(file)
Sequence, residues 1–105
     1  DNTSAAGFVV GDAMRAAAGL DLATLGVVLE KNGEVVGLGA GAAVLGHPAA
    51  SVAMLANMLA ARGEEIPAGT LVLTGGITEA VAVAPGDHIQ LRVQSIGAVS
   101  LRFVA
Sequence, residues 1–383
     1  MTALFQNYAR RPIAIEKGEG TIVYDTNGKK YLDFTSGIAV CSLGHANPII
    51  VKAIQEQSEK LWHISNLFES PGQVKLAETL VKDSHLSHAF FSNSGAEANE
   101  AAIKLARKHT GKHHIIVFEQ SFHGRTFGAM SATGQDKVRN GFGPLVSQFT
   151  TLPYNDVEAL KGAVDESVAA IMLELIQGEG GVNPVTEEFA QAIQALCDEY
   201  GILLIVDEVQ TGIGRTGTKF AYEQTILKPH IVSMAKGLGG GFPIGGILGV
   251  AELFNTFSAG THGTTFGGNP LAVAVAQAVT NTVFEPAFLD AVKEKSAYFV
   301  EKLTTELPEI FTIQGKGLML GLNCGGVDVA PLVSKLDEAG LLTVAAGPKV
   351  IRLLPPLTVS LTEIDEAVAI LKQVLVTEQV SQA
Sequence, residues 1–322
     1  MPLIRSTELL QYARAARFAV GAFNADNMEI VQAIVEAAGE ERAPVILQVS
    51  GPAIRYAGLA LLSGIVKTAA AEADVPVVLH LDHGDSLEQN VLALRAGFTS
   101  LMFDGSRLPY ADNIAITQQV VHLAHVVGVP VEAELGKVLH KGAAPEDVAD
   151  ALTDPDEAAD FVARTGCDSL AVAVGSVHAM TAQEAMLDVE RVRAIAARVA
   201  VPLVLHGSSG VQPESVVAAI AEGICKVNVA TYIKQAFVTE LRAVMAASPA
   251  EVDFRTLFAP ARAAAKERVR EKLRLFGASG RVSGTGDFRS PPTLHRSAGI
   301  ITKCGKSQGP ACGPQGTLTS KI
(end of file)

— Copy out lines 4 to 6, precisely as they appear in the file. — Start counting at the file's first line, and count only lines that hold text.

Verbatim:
   101  LRFVA
Sequence, residues 1–383
     1  MTALFQNYAR RPIAIEKGEG TIVYDTNGKK YLDFTSGIAV CSLGHANPII